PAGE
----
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Hot Cross Buns
From Bernard Clayton's New Complete Book Of Breads, by Bernard Clayton, Jr.

Traditionally served on Good Friday, the hot cross bun is one of the season's legendary breads. This one is speckled nut-brown, rich with cloves, nutmeg, currants, and candied fruit.

A cross of confectioners' icing is the distinctive mark of this bread that is in every child's book of nursery rhymes. Despite its Christian overtone, the bun is supposed to have originated in pagan England. Even today, a hot cross bun baked and served on Good Friday is believed to have special curative powers.

Note: The dough is refrigerated overnight, so prepare it on Maundy Thursday if you wish to serve it on Good Friday. Bake enough for Easter breakfast, too.


1/2 cup sugar
1/4 cup (1/2 stick) butter, melted, plus extra for brushing
2 eggs, separated
1 cup hot milk (120F to 130F (50C to 55C))
3-1/2 to 4 cups bread or all-purpose flour, approximately
1 package dry yeast
1 teaspoon salt
1/2 teaspoon grated nutmeg
1/4 teaspoon ground cloves
1/2 cup currants or raisins
1/4 cup chopped candied fruit
1 egg yolk, beaten, mixed with:
2 tablespoons water
1 cup confectioners' sugar mixed with:
1 tablespoon milk and
1 teaspoon lemon juice

Baking Sheet:

1 baking sheet, greased or Teflon


By Hand or Mixer: (30 mins.)

In a large bowl mix the sugar, melted butter, egg yolks, and hot milk. Stir to blend and set aside for a moment.

Into a mixing or mixer bowl measure 2-1/2 cups flour, the yeast, salt, and spices; blend. Pour the liquid mixture into the flour with 50 strong strokes of a wooden spoon, or for 2 minutes with a mixer flat beater. Add the currants or raisins and candied fruit. Blend.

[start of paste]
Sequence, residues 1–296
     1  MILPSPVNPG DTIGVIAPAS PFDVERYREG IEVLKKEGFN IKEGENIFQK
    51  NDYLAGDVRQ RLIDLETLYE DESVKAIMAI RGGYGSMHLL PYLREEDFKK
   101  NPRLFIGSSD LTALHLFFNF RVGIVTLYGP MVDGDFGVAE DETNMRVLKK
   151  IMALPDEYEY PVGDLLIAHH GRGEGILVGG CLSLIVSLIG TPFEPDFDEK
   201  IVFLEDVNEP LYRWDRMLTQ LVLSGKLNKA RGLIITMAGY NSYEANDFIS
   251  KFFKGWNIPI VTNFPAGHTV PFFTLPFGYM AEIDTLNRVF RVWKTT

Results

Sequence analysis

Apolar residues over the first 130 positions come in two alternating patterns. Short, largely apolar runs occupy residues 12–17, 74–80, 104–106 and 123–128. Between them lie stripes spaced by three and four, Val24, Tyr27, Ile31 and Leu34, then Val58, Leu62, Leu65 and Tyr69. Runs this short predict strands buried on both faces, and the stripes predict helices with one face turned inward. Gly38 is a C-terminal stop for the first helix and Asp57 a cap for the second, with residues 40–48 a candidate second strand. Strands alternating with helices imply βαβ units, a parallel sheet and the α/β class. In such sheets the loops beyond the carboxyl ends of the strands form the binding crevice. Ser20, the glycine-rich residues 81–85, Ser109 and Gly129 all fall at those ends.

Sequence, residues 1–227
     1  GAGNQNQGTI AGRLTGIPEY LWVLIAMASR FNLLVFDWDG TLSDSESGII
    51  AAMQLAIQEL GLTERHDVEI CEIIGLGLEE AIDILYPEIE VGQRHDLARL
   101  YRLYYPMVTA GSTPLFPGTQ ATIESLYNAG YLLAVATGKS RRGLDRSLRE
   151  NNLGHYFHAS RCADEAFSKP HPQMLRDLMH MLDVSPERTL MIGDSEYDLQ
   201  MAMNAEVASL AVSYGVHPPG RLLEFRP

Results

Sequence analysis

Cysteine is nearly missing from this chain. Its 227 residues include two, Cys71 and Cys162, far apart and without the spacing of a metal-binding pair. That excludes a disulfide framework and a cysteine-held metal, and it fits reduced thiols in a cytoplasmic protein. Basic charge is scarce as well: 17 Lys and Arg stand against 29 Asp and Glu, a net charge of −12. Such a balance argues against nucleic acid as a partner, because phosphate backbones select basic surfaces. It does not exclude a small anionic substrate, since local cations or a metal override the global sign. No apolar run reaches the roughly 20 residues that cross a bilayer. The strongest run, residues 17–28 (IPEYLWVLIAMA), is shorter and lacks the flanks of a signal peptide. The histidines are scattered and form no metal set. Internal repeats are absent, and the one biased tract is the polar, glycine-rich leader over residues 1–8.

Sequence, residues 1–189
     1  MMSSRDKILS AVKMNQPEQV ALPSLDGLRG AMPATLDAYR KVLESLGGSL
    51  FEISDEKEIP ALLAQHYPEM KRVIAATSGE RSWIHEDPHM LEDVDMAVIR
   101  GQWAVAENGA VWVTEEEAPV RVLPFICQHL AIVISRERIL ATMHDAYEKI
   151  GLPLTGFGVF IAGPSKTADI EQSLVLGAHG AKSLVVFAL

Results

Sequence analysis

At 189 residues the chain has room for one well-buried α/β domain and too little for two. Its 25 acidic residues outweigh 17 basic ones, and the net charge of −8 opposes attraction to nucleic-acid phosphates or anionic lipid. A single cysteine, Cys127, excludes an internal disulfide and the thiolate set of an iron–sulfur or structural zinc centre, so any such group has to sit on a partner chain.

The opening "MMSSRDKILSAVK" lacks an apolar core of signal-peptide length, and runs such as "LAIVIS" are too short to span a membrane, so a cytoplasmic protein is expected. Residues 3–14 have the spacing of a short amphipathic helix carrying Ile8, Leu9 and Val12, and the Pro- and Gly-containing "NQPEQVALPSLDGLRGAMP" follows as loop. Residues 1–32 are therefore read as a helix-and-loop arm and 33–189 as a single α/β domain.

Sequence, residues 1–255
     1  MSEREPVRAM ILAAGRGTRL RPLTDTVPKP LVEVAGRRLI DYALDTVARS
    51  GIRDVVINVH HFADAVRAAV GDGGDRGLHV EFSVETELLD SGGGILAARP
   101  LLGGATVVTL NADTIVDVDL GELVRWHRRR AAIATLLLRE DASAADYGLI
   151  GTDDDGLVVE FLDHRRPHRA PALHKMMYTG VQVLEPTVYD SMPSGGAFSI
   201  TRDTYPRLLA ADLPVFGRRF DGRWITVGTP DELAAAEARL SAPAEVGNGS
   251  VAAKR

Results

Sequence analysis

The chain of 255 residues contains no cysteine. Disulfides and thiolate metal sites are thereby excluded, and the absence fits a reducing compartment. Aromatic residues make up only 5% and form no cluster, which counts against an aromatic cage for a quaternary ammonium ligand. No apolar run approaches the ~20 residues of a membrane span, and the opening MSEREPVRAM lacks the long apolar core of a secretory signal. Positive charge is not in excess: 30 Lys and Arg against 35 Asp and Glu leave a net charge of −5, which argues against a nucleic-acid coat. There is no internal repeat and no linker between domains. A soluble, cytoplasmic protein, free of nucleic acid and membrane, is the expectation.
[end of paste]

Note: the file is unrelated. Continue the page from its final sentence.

Beat the egg whites until frothy but not quite stiff, and work into the batter. Add additional flour, 1/2 cup at a time, with the spoon or dough hook, until it is a rough mass. Knead for 2 or 3 minutes. Don't make it a stiff dough but leave it soft and elastic.

By Processor: (5 mins.)

Attach the short plastic dough blade.

Mix the moist ingredients, as above.

Measure 2-1/2 cups flour, the yeast, salt, and spices into the work bowl. Pulse to blend. With the processor running, pour the liquid through the feed tube to make a batter. Uncover the bowl and scrape down the sides with the spatula. Drop in the currants or raisins and candied fruit.

With the processor on, add beaten egg whites and the flour, 1/4 cup at a time, to form a rough, shaggy dough that cleans the sides of the bowl and rides on the blade.

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